VirtuArte had just successfully helped a client give a very personal gift to a professional mentor — an African mask in a style the mentor collected — when Deborah began to ask: ‘What would happen if businesses did this on a consistent and continuous basis?’ “It took me until 2019 to figure out what kind of service I could offer to these clients,” Deborah describes. “Now what we offer is a customized client appreciation strategy for a company. That can include handwritten cards, gifts, helping with content to create more personalized emails, etc. We plot it on a 12-month calendar, because I insist we do this for a year. This is not just something you do once. We plan ahead of time what we’re going to do at certain times of the year and which clients we’re sending these cards and gifts to. Each strategy is custom to what the company wants; some only want to send cards on birthdays or holidays. I have another client who has a whole client experience—from a welcome card to a personalized gift. And the feedback my clients are providing is that their clients are surprised, they’re wowed, they’re amazed, and they feel special. From my perspective, it’s that personal touch and connection that puts a company ahead of their competition. People often feel companies don’t care; that they’re a transaction or a number. My mission is to bring the personal connection back into business.”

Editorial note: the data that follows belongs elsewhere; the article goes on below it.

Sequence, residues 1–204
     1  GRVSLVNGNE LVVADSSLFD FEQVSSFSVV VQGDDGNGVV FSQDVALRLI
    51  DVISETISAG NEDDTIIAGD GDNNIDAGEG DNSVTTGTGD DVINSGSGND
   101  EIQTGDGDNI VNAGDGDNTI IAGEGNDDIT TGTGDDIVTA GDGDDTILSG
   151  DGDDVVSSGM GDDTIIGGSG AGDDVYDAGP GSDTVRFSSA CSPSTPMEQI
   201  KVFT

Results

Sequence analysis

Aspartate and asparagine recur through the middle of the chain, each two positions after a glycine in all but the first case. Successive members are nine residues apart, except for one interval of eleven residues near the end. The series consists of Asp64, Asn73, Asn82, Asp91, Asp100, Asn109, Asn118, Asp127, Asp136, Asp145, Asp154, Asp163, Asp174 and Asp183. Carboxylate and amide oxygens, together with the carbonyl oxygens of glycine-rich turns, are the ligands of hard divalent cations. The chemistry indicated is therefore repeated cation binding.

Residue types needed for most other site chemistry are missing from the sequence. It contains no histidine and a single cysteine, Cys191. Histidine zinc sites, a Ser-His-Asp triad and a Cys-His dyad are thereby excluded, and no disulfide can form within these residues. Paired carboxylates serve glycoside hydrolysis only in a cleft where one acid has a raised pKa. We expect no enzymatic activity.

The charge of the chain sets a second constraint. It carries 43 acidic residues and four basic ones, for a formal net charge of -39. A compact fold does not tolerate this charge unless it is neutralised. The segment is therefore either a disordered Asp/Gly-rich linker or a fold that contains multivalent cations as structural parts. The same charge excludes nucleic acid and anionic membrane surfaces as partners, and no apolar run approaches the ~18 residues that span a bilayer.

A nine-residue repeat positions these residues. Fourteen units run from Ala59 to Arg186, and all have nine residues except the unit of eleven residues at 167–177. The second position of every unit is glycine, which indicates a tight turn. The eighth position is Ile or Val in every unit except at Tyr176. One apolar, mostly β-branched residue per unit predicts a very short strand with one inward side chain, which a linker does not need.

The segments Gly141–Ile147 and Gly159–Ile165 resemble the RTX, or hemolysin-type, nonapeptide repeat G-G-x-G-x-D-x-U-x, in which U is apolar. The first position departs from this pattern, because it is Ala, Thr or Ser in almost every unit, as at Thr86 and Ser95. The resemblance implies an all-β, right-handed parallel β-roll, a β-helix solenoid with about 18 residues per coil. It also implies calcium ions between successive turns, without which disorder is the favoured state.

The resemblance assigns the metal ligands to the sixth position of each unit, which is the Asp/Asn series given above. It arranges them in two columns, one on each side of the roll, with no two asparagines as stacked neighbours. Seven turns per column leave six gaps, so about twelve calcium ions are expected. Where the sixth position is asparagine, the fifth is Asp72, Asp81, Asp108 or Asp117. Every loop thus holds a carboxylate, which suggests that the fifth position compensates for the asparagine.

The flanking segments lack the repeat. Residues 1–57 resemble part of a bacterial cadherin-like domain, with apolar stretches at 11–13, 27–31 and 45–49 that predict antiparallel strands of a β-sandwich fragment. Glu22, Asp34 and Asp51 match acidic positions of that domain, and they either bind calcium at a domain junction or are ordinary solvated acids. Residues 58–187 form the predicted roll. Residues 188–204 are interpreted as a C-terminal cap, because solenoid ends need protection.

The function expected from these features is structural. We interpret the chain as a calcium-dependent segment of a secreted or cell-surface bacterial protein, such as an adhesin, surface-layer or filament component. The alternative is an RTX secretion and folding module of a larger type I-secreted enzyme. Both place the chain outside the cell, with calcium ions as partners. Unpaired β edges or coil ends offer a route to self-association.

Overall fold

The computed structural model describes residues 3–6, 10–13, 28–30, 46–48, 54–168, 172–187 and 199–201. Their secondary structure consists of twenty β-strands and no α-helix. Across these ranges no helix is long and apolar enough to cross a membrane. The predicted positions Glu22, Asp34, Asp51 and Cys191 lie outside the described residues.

VirtuArte ultimately grew out of Deborah’s passion for travel and for experiencing new cultures. “My mother used to say to me, ‘I don’t know where you came from, because nobody else in the family really liked to travel,’” laughs Deborah.